Continuing on from Part One
There is an adage that says there is nothing new under the sun. If the Romans needed to process their thoughts on mortality, war, imperialism and courage through educational entertainment, then so do we. We’ve just changed the medium.
The Romans didn’t consciously enter amphitheatres keen for a homily on masculine virtues, the ideology behind the arena was subconsciously digested. Romans learned how to be brave and face death via osmosis. As far as they were concerned, a day at the amphitheatre was one of relaxation. They happily took their seats hoping for a good show, snacks in hand (Larks' tongues! Wrens' livers! Chaffinch brains! Jaguars' earlobes! Wolf nipple chips! Get 'em while they're hot, they're lovely! Dromedary pretzels, only half a denar. Tuscany fried bats!) Is there truly much difference in how we queue up at the cinema for popcorn, soda and M&Ms, sit back in the velvet chairs and prepare to enjoy a movie?
There’s one genre in particular that screams “ideology via osmosis” to me in the same way that Roman spectacle does, and that’s the War Movie.
Think of the Top Gun movies - blatant American propaganda vehicles, made with the blessing and aid of the US military who set up recruitment booths in cineplex lobbies. The latest film, Maverick, has spawned many a think piece about its reflections on American politics and ideology*.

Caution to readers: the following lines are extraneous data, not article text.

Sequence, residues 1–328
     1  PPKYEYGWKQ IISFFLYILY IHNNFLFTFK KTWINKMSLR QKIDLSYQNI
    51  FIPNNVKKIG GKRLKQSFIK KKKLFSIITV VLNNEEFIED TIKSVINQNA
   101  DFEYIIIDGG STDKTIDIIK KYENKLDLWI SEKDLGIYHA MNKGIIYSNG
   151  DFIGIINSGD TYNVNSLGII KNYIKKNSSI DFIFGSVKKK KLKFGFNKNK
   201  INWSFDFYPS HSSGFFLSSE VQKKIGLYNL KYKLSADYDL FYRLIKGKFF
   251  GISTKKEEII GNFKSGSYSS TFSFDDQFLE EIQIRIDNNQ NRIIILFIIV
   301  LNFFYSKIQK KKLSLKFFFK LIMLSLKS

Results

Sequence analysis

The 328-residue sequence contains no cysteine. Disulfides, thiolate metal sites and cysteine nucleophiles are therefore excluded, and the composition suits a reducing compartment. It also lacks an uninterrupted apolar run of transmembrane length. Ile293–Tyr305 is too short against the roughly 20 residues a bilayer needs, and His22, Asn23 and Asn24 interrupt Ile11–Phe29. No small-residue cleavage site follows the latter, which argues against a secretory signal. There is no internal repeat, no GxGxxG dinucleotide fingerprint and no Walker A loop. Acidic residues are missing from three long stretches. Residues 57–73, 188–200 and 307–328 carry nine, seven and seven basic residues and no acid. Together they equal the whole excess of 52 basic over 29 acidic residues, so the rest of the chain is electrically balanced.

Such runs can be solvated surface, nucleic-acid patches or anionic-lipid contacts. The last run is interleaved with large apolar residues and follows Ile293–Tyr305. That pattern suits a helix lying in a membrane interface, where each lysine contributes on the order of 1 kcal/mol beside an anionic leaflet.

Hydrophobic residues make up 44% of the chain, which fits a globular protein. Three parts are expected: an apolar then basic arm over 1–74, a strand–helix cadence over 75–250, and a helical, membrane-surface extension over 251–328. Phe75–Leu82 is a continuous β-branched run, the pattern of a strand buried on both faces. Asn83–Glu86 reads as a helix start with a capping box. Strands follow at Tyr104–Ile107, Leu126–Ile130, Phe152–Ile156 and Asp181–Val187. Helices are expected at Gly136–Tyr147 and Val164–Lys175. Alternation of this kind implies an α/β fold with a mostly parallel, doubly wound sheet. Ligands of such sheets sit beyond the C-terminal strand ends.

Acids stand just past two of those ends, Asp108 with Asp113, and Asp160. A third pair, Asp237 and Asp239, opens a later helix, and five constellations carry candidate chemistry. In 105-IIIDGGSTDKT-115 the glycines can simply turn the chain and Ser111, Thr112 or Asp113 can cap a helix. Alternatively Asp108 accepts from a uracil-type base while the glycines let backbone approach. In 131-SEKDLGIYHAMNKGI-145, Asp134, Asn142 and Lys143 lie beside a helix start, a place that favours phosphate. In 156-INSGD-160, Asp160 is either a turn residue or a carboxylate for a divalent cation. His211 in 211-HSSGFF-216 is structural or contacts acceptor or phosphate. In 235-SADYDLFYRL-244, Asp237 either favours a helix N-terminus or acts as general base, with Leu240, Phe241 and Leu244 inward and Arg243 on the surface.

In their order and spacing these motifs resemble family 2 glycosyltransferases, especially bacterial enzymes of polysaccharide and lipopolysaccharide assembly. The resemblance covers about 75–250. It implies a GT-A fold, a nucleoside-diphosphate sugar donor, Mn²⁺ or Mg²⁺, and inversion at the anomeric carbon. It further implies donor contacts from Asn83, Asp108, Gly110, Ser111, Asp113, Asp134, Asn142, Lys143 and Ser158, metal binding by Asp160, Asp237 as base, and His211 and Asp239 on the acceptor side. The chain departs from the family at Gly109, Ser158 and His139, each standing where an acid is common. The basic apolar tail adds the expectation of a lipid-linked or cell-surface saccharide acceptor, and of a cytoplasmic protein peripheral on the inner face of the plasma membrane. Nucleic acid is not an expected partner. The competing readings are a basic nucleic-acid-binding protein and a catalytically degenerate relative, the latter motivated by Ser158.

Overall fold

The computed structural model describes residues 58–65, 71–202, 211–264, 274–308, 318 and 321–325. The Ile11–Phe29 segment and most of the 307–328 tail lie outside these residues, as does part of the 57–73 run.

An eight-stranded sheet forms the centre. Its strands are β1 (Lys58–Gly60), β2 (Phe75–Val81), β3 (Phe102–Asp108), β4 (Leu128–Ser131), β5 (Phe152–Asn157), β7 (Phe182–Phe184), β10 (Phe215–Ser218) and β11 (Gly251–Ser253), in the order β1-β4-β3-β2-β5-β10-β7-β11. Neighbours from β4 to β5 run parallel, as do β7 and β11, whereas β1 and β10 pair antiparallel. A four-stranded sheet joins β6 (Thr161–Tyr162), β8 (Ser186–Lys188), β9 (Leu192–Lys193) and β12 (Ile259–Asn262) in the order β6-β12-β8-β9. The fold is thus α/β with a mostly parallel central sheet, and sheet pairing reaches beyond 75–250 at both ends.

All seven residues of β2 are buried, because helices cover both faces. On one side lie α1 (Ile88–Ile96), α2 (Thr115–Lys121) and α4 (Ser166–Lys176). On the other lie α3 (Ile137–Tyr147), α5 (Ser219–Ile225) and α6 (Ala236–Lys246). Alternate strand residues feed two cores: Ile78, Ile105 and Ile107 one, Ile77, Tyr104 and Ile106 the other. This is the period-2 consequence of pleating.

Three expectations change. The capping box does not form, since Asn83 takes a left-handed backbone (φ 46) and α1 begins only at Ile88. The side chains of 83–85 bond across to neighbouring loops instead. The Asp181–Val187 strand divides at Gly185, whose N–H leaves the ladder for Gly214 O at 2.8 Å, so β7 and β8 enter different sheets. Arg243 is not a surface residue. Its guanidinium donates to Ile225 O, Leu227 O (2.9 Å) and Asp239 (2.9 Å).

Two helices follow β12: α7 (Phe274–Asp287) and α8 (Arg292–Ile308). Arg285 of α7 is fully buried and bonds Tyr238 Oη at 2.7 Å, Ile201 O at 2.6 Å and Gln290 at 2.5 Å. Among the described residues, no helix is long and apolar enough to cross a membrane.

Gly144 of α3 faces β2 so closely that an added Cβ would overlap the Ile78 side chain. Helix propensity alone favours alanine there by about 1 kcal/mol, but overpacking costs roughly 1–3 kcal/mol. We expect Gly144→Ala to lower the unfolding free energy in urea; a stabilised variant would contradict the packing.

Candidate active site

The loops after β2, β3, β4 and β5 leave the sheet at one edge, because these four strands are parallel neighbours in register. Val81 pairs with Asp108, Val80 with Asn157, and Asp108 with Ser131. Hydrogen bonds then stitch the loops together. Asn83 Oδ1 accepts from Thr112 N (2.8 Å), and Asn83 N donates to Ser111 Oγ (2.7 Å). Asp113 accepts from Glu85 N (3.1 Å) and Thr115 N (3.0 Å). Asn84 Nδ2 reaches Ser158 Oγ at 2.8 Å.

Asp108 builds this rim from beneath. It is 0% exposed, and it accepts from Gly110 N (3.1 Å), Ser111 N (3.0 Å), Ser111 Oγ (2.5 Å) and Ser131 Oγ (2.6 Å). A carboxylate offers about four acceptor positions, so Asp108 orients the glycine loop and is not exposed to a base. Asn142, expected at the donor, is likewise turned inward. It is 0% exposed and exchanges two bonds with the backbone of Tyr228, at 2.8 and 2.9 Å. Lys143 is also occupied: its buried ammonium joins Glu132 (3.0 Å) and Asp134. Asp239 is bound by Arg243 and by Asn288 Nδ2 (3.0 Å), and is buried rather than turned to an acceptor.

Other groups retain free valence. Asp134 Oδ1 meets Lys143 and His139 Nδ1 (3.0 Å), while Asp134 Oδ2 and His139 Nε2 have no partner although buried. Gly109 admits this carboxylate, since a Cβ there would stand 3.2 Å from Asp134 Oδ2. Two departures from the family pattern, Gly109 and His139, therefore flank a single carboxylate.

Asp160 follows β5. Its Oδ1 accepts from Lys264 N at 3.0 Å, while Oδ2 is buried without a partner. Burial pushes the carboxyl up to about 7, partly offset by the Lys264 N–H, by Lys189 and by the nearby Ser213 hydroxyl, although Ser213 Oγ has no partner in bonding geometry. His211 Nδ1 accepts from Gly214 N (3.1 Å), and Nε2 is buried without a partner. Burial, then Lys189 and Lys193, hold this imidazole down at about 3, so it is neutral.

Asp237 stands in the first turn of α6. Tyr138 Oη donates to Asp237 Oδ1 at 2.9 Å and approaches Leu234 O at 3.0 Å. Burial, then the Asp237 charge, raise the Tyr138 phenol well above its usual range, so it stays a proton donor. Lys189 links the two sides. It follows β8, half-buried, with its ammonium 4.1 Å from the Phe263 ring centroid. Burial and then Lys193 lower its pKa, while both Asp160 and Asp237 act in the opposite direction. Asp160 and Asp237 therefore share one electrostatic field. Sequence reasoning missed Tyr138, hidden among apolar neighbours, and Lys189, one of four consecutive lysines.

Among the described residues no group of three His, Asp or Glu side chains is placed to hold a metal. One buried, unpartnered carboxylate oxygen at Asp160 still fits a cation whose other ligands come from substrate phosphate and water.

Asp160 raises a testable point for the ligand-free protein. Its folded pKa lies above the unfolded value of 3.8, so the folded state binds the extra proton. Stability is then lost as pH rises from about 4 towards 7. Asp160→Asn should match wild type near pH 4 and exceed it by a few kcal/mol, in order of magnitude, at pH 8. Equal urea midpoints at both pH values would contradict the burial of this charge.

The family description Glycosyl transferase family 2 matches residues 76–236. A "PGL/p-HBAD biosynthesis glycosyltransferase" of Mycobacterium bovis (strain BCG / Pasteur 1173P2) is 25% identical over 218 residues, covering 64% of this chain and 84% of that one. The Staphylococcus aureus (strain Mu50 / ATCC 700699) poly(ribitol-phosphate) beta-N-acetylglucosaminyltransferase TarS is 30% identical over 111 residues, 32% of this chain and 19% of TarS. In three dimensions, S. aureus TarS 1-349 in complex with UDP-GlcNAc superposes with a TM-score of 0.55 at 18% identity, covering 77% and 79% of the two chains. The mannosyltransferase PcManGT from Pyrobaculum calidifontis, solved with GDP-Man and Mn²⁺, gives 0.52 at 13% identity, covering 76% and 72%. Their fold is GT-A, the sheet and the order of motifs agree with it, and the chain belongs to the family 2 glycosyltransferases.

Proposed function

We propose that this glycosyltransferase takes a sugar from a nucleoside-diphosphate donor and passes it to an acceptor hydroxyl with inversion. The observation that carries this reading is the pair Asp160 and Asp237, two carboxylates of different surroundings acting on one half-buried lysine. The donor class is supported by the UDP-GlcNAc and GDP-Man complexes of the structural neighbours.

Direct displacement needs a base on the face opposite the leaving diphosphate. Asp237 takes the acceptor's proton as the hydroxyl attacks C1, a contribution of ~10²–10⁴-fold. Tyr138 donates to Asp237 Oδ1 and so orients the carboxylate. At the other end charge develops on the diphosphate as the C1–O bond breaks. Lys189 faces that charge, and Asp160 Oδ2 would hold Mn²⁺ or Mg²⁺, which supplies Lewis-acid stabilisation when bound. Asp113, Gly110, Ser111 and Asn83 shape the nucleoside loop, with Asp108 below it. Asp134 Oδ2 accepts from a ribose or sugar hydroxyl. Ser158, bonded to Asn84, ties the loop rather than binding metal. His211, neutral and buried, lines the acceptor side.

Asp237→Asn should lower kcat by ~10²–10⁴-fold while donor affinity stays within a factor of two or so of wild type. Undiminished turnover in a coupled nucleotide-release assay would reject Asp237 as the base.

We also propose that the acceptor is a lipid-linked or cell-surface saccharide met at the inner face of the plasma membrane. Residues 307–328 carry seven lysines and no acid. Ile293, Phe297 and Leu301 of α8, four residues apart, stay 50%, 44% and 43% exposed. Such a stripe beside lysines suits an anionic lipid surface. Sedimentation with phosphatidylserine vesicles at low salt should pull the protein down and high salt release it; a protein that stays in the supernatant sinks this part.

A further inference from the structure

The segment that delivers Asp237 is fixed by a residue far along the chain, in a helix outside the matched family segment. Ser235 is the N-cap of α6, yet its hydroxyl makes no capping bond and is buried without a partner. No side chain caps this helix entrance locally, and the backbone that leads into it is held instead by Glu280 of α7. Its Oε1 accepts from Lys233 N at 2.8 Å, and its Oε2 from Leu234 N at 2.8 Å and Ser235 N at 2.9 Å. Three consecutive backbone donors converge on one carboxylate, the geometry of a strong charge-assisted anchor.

But Tom Cruise is not my modern gladiator. He’s wearing too much plot armour.
No, I have chosen Tom Hanks in Saving Private Ryan.** His character, Captain Miller, is an ordinary man in an extraordinary situation. But for the war, he would be safely back in Pennsylvania teaching high school English. When he is required to take on a new wartime role, he solemnly steps up to the plate.
We have chosen to watch members of his squad, their comrades and their opponents, die. They bleed. One has his intestines hanging out, one has his legs blown off, some are set on fire. We see an enormous array of grisly deaths; the body count of the movie is 243 - 103 deaths are in the visceral Omaha Beach scene alone. And we do this primarily for entertainment.
Saving Private Ryan is often considered an anti-war film because it doesn’t seek to glorify war, and shows the grim reality of warfare without perceptible varnish. However, whilst I agree it hardly glorifies war, it definitely glorifies Captain Miller. Throughout the entire film, Hanks’ character tries his best to remain stoic and get the job done. He makes a concerted effort to hide his nerves and apprehension. He is an excellent soldier, an excellent leader, and is clearly depicted as an excellent man (he misses his wife! He coaches the baseball team!).
Captain Miller serves as our exemplar of what to do and who to be when you find yourselves transplanted into a violent situation. His death scene is the epitome of the gladiatorial ideal. During a German assault, and having already sustained an injury to the leg, he nevertheless breaks his cover to try and reach a detonation device that would blow up a bridge and slow the German advance. As he hobbles towards it, he is shot in the chest. He then drags himself up to a sitting position where, completely exposed, he takes his sidearm and musters his last remaining strength to fire at a tank.
His is the last death we see in the film, and perhaps you may recall some of the others. Note that in comparison, Miller doesn’t cry. He doesn’t hyperventilate. He doesn’t call for his mother, he doesn’t beg for morphine and he doesn’t pray.